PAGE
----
Primary School Pupil Population Expected To Soar
A surge in population growth fuelled by a rising birth rate has meant primary schools in the UK will be at their most crowded than ever before. Some experts suggest that schools will struggle to cope with the demand for primary education in the next three years, as population figures reach levels last seen in the 1970s.
According to statistics from the Department for Education the number of primary school children is predicted to rise by 8 percent by the year 2015, an increase from 3.6million to 3.8million pupils. And by 2010 it is estimated there will be around 4.8 million children between the ages of four and eleven attending primary education.
On the contrary secondary school figures have dropped and will continue for the next three years until the surge has fed through the system. This will go up once primary pupils progress into secondary education.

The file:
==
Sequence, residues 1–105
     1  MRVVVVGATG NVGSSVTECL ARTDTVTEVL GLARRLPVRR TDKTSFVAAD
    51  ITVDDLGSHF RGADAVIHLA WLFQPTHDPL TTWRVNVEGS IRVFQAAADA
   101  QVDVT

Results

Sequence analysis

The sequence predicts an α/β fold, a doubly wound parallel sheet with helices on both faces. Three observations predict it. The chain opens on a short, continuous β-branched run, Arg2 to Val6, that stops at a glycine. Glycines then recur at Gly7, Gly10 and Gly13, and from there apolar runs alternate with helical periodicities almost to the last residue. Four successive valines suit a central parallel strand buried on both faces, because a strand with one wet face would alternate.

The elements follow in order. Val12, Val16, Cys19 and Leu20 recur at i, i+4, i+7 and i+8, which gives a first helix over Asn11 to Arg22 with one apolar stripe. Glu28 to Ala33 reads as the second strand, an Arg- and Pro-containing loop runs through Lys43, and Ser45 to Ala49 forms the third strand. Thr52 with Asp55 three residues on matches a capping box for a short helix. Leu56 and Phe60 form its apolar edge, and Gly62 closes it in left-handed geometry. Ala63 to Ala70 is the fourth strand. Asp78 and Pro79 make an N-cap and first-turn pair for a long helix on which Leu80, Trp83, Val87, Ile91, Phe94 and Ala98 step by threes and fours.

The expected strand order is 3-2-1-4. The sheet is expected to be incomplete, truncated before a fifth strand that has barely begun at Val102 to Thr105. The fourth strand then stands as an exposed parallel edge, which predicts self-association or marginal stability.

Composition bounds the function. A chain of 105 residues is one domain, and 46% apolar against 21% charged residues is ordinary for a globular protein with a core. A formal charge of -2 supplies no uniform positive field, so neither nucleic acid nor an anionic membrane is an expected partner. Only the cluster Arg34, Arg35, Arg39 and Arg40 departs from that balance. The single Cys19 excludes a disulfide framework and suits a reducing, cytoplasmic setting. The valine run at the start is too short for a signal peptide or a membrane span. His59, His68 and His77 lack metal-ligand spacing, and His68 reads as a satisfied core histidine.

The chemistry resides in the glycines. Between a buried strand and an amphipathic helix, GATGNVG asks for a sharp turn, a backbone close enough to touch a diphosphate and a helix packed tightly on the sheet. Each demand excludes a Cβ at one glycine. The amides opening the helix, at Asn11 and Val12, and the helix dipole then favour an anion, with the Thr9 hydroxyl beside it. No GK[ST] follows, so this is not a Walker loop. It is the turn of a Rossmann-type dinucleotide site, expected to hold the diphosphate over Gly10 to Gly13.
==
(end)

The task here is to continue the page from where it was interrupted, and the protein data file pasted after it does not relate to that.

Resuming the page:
Birth rates in Britain fell in the late 1990s which led to a decline in pupil numbers attending state primary schools in 2000. But since 2002 the figures have been steadily increasing with a prediction that they will continue to rise until 2014.
Labour ministers said the figures showed there was a definite crisis in the system. However schools minister Lord Hill criticised the Labour government for its inaction whilst in power. “The last government knew there was an issue as early as 2004, but sadly did nothing,” he said. “Worse than that, they actually cut funding for new places while squandering millions on expensive secondary schools.”
In a statement the LibDem Tory coalition pledged a sum of £4bn to be spent to accommodate for the increase in demand for primary schooling.
Some regions in the UK are already feeling the squeeze with local authorities in London reporting they will need a further 70,000 school places over the next two years. In East London, officials are considering adopting “split shift sessions”, where one groups of students is taught between 8am and 2pm, and the other group between 2pm and 7pm.
According to the DfE London will see an increase of 18% in pupil number, and 9% in the south-west and north-east of England.